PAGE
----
Independent Review of RIDDOR reporting by Network Rail and its contractors delivered to Network Rail and published by RSSB

RSSB today handed the report of its independent review to Network Rail Chairman – Rick Haythornthwaite. The report details the unintended consequences of management actions designed to improve safety and to increase the efficiency of contracting.

The report confirms that significant under-reporting has taken place – and estimates that between 500 – 600 RIDDOR reportable accidents were not reported between 2005 and 2010. Some of the under-reporting relates to misinterpretation of the RIDDOR requirements, but the majority is explained by staff and contractors choosing not to report accident events. This was caused by both real and perceived pressure, and in some cases fear, felt by Network Rail staff and contractors if they reported accidents. The reason this was not identified by Network Rail itself was because it believed that the significant efforts it was making to improve safety, including investment in protective clothing, quantified targets and league tables, were driving the numbers of accidents down. Now that Network Rail has changed its internal guidance on reporting, the level of RIDDOR reporting has returned to more expected levels.

RSSB was asked to consider whether the presence of monetary bonuses was a driver to the under-reporting of injuries. The review found no evidence of a link between under-reporting and Directors‟ or senior managers‟ bonuses.

Anson Jack, RSSB’s director of policy, research and risk, who directed the review said „This review highlights the unintended consequences of management initiatives intended to improve safety. It is the combination of Network Rail‟s internal and contracting culture together with quantitative targets, rather than just the targets themselves which created the under-reporting issue.‟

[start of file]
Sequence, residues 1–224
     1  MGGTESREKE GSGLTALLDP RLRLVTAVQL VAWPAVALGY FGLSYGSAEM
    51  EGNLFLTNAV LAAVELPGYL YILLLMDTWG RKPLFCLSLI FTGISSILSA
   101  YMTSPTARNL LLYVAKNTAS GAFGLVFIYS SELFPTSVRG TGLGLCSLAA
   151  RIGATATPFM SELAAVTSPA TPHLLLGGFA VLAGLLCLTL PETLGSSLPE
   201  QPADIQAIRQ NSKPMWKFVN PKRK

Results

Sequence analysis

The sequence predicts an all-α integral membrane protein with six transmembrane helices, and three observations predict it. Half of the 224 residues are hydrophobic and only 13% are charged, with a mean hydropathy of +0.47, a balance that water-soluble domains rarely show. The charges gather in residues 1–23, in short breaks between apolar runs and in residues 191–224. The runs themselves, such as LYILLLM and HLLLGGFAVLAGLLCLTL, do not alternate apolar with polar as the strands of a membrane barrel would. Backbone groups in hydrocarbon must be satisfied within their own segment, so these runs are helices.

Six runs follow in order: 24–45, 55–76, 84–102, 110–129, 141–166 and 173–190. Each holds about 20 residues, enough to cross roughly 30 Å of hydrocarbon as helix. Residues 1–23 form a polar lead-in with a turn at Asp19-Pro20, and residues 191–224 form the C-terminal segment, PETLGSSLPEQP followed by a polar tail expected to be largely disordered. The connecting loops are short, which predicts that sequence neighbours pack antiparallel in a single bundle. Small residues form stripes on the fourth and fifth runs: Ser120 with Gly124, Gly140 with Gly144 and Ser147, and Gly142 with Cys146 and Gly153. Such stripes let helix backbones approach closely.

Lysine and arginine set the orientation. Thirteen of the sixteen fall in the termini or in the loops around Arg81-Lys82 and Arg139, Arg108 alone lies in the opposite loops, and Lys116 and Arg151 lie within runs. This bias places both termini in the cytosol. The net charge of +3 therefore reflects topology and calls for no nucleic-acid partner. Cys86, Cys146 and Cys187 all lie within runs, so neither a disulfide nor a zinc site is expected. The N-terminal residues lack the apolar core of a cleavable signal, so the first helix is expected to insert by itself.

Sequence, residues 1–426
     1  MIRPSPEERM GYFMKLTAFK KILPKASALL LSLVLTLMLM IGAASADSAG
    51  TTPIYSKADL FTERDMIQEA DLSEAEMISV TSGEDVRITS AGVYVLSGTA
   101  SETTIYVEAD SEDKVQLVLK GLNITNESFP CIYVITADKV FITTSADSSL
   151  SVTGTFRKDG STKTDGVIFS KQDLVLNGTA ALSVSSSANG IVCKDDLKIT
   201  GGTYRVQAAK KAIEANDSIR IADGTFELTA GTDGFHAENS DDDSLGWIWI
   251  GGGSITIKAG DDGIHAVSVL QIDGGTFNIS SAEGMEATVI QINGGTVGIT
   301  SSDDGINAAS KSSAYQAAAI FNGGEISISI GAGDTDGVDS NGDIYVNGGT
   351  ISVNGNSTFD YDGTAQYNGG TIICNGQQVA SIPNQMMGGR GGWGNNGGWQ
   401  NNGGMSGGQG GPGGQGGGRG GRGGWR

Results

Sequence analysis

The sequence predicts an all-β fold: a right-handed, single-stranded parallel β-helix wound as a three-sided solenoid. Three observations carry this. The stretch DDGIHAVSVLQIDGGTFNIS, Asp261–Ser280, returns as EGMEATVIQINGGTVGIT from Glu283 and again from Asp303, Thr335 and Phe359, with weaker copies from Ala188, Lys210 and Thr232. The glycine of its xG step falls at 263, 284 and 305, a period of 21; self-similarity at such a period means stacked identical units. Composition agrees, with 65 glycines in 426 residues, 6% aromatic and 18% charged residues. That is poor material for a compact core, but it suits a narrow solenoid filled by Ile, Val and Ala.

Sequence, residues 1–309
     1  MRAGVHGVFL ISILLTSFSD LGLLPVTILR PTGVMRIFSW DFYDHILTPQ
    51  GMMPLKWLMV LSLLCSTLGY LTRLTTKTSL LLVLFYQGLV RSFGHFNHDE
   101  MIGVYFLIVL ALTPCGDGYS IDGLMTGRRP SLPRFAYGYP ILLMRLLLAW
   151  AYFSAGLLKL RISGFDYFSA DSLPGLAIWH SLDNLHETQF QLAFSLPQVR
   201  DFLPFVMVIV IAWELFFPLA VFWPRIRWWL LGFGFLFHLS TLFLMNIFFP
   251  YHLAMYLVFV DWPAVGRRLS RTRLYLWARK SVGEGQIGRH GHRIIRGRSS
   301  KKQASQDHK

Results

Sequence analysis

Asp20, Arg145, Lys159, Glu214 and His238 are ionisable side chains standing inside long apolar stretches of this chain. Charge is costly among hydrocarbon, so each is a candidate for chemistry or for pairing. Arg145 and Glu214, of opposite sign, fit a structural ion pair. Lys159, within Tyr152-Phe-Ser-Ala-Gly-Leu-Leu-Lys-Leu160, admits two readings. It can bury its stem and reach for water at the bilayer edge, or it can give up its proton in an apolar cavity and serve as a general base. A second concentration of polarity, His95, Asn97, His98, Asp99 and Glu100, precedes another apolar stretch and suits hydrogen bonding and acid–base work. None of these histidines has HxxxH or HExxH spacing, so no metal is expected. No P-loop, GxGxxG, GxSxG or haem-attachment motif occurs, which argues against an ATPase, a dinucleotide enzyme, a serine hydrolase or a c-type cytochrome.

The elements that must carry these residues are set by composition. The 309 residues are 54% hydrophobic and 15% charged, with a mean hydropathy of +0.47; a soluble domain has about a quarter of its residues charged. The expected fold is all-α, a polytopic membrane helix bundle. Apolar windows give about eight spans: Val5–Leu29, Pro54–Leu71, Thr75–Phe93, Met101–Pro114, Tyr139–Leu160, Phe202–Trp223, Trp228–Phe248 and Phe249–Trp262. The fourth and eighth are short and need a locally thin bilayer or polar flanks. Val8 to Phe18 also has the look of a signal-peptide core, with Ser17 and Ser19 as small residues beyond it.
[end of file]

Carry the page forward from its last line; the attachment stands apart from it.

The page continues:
“Network Rail has already taken a number of actions to address the under reporting and we have recommended it considers further steps to improve the working relationship between all levels of its staff and between the company and its contractors with a view to working towards a more open and “just” safety and reporting culture.‟

Responding to the review findings Rick Haythornthwaite, Chairman of Network Rail said „I’m grateful to RSSB for its work and to the Office of Rail Regulation and Unite for bringing this issue to our attention. While we can take some comfort from the report‟s clear conclusion that there was no link between under-reporting and executive bonuses, Network Rail needs to heed the lessons in this report if it is to achieve its ambition of a world class safety culture.‟


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